Archive for category Subject: Waterscape

The Paint Pad Artist: Coastal Landscapes || Charles Evans

I dealt with the mechanics of this new series in the introductory review, so this is a look just at one particular volume.

Charles Evans is an experienced and popular demonstrator who is ideally suited to this introduction to painting coastal scenes. Each of the six demonstrations introduces a new topic or technique, such as drawing out colour to create clouds, capturing reflections, using a rigger to create trees and working with stormy skies and seas.

There’s plenty of variety, but nothing is too taxing and the beginner will feel at home quickly, producing worthwhile results that can only encourage further work.

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Take 3 Colours – Watercolour Lakes & Rivers || Stephen Coates

Take 3 Colours is a brilliantly simple idea that’s been brilliantly presented. All of the authors so far have understood the brief impeccably and Stephen Coates is no exception.

The strapline is “3 colours, 3 brushes, 9 easy projects” and it’s not just a superb way to get started with painting, but also an approach that strips your technique back to essentials if you’re feeling it’s got just too complicated and that you may be over-working.

Don’t expect great works, but do prepare to be surprised at just how much variety you can get and how many subjects you can work with in this way. My only reservation in this particular volume is the overall impression of ochre. With base colours of Light Red, Raw Sienna and Ultramarine, this might perhaps be expected, but other volumes have managed to provide a somehow brighter appearance and the lack of a good green from the mix shows. It’s a shame as the results and explanations are excellent.

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Painting Rivers || Rob Dudley

The subtitle of this fascinating and enjoyable book is “from source to sea” and it encapsulates Rob Dudley’s original approach to painting water. There have been a lot of books about that subject, but this is the first I can recall that eschews lakes and the sea in favour of the variety that can be found in what flows between them.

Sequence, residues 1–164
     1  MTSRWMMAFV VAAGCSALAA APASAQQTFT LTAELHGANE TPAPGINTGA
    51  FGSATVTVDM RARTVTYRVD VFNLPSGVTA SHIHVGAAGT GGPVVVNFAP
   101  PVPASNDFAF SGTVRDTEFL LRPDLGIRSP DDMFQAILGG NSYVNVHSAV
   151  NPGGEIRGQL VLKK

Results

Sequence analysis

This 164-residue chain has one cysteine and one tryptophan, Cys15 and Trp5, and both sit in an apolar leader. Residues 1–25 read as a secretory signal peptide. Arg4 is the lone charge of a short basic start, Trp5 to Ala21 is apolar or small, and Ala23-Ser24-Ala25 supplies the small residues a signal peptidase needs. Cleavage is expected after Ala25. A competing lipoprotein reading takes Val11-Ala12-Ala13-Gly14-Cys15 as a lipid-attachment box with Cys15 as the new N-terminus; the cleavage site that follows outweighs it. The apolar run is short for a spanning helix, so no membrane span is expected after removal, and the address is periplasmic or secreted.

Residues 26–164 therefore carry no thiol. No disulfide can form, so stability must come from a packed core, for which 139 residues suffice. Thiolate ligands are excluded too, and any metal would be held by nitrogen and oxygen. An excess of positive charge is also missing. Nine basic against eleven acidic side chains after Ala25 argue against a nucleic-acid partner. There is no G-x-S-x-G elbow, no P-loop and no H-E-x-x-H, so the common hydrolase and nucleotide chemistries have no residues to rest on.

Water is a living thing. It has form and substance, but its shape is defined by what contains it and its outward manifestation – colour and appearance – and by the light that falls and the forces that are exerted on it. It’s a truism that you can never step into the same river twice and, on the same basis, you can never paint it twice either. Indeed, as a painting is effectively a moment frozen in time, you can’t really paint a river at all – but let’s keep well away from metaphysics!

This is as thorough and comprehensive a book as you could wish. Rob explains approaches and techniques in his chosen medium of watercolour as well as how to capture light, movement and reflection. He considers not just the river itself, but its surroundings and the people, objects and creatures that occupy it.

There are plenty of demonstrations and projects to get to work on, as well as discussions of the life of the river as it progresses downstream. This is an original idea that’s well thought-out and executed.

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Zawn: Walking West Penwith/Cliff-edge painting by Paul Lewin || Paul Gough

Helpfully, the back cover blurb provides an explanation of the enigmatic title. “Zawn: a coastal inlet in a cliff face, with steep or rocky sides. Often the result of a roof-collapse in a littoral cave.”

This is useful to know, as it defines the content of this beautifully illustrated book, which exudes a sumptuous feel in spite of its relative slimness and soft cover.

The paintings themselves, some already existing, others produced especially for the book, are a superb evocation of coastal landscapes and of the weather that inevitably assaults a West-facing peninsula. I haven’t traced the chronology on a map, but there is a sense of a journey, as opposed to randomly-selected landmarks and that sits well with the idea of a coastal path.

The text is an account at once of the book, of Paul Lewin’s working methods and of the creative process as a whole. Whether you feel you need it, or whether these three things sit altogether comfortably together, is a matter of personal taste. Although what Paul Gough writes is firmly grounded in the work it accompanies, there is still a slight disconnect due to the tendency to expand and generalise. You might feel, though, that it adds to, rather than detracts from, the book’s appeal.